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Chapter 9: The Very Alphabet of Love

The first question:

Osho,
I love you, and I have been in love before and been hurt. I am afraid. Will you help me?

Love never hurts anybody. It is something else pretending to be love which feels hurt. Unless you see this you will go on moving in the same circle again and again. Love can hide many unloving things in you. Man has been very clever, cunning, in deceiving others and in deceiving himself too. He puts beautiful labels on ugly things, he covers wounds with flowers. This is the first thing you have to go into.

Love ordinarily is not love, it is lust. And lust is bound to feel hurt, because to desire somebody as an object is to offend. It is an insult, it is violent. When you move with lust towards somebody, how long can you pretend it is love? Something which is superficial will look like love, but scratch a little bit and hidden behind it is sheer lust. Lust is animalistic. To look at anybody with lust is to insult, humiliate, is to reduce the other person to a thing, to a commodity. No person ever likes to be used; that’s the most ugly thing you can do to anybody. No person is a commodity, no person is a means towards any end.

This is the difference between lust and love. Lust uses the other person to fulfill some of your desires. The other is only used, and when the use is complete you can throw the other person away. It has no more use to you; its function is fulfilled. This is the greatest immoral act in existence: using the other as a means.

Love is just the opposite of it: respecting the other as an end unto himself or herself. Had you loved anybody, Mimi, as an end unto himself, then there would have been no feeling of hurt; you would have become more enriched through it. Love makes everybody rich.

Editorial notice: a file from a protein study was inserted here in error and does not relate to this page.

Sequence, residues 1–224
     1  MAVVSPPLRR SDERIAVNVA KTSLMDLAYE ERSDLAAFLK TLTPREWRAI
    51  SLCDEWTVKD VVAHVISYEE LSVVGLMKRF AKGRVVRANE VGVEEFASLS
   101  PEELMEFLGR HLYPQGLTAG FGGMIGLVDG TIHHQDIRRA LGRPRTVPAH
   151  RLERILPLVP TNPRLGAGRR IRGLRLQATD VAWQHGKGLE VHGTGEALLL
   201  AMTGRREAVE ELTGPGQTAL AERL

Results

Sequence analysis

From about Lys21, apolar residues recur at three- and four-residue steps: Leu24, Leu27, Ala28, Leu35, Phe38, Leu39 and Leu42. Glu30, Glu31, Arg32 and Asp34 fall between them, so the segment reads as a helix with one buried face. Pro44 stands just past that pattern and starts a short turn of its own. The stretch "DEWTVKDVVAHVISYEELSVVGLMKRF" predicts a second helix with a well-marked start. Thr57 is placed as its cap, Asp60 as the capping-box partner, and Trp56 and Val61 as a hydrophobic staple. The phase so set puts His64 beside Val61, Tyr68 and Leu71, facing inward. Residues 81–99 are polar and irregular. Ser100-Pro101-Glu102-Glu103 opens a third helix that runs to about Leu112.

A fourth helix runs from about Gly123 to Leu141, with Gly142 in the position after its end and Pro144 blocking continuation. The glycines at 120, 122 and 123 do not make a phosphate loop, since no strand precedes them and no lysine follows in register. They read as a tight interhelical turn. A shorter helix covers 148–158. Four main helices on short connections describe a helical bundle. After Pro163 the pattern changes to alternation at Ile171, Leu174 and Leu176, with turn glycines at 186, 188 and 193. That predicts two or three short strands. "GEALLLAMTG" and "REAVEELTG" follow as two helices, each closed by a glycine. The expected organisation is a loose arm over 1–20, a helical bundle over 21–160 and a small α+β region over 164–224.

Secondly, love can only be true if there is no ego hiding behind it; otherwise love becomes only an ego trip. It is a subtle way to dominate. And one has to be very conscious because this desire to dominate is very deep rooted. It never comes naked; it always comes hidden behind beautiful garments, ornaments.

Parents never say that their children are their possessions, they never say that they want to dominate the children, but that’s actually what they do. They say they want to help, they say they want them to be intelligent, to be healthy, to be blissful, but - and that “but” is a great but - it has to be according to their ideas. Even their happiness has to be decided by their ideas; they have to be happy according to their expectations. They have to be intelligent, but at the same time obedient too. This is asking for the impossible.

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